We passed through the open door into the courtyard of the corner house that sits at one of the numerous back street crossroads of the village. Behind the tall wall that protects the house from the street was another world, but it wasn’t evident to begin with. Stepping in off the street, I entered a small store filled with neighborhood necessities: chilled soft drinks, beer and wine, packaged snacks — chips and cookies, bathroom tissue, laundry soap, small bins of avocados and mangoes, a stack of commercially packaged tortillas made in the city, jars of salsa. The convenience store is ubiquitous in Teotitlan. They exist on every other corner.
A woman greeted us in Zapotec expressing the traditional welcome – a tonal and gutteral tongue-twister that I have yet to master — her two hands outstretched to clasp my two outstretched hands. Her face was seasoned, creased, serious. Her hair was braided with red ribbon and wrapped around her crown. Her over-dress was the typical embroidered apron (mandil) that is the uniform of village womanhood. I would guess her age to be somewhere between 50 and 60, but she could have been older and it was hard to tell. She led us into the altar room and did not turn on the lights. It was dusky gray and the open door to the courtyard was back-lit with light that gave the aura of otherworld smokey, ethereal existence. She told us she learned her healing from her mother, who learned it from her mother, and so on and so on. We were in the process of beginning to expunge the demons from our bodies. Through association, any of us who had a relationship with those who had been in the car accident were ripe for the curandera. It was interesting for me to understand that interrelationships, emotional well being and support, and how something of significance that happens to one or two people can have an impact on many. When all heal together, the healing is faster and has greater benefits and results.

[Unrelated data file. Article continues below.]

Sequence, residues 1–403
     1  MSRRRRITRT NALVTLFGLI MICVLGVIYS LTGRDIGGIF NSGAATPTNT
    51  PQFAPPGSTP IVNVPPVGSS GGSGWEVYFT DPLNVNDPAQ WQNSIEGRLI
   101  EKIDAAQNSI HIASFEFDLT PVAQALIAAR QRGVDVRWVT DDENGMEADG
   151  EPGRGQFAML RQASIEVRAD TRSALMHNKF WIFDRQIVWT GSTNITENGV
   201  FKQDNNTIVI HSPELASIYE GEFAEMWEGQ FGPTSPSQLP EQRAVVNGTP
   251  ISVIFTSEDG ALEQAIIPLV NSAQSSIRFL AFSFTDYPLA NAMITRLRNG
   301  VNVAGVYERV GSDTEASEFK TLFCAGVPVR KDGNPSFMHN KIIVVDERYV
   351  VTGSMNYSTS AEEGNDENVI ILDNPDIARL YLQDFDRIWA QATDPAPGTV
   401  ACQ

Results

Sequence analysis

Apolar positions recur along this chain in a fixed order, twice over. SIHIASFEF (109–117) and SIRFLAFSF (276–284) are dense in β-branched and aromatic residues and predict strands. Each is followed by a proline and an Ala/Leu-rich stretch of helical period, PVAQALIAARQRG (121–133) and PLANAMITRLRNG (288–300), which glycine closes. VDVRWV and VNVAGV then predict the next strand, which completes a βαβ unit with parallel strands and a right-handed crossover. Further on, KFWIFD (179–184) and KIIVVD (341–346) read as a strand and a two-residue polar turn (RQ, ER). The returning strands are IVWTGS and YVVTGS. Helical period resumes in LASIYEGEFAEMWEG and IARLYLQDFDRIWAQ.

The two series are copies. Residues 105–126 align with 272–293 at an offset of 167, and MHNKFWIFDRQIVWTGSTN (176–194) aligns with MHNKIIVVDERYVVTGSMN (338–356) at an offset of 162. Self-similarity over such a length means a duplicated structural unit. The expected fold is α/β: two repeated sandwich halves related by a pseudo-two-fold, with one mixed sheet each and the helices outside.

It was an honor and a responsibility to be invited to this very intimate and personal ceremony. We were there to get past the accident and move forward with our lives. Sitting in a semi-circle, we waited. The woman left the room. We looked at each other in silence wondering what was next. There were whispers and a giggle or two. In 30 minutes, she returned with glasses and a glass pitcher filled with a green, foaming concoction that looked like spinach blended with soap suds. She offered each of us a full glass and asked us to drink. Someone asked, what’s in it? A family secret, she answered. Herbs I pick from high in the mountains that are only available in the spring. They drank, I sipped. After each person finished their drink, the woman took a mouthful of the liquid, stood facing him/her, and spat the mouthful onto his/her face with such surprise and force that it propelled each of us backward a step. She murmured something, and went on to the next person. When the circle was complete, the eight of us thanked her and left. The family would make three or four more return visits to complete the cleansing process.
I went with curiousity, mild anticipation, and a sense of wonderment at being invited into this sacred and special space to share in this ancient ceremonial folk tradition. I came away with a sense of awe and respect for how important it is to honor what goes on in our minds. The stories we tell ourselves about “good and bad” are powerful. Standing together in this small community of family and friends, we could acknowledge the pain together, and strengthen our bonds of support through this ancient custom.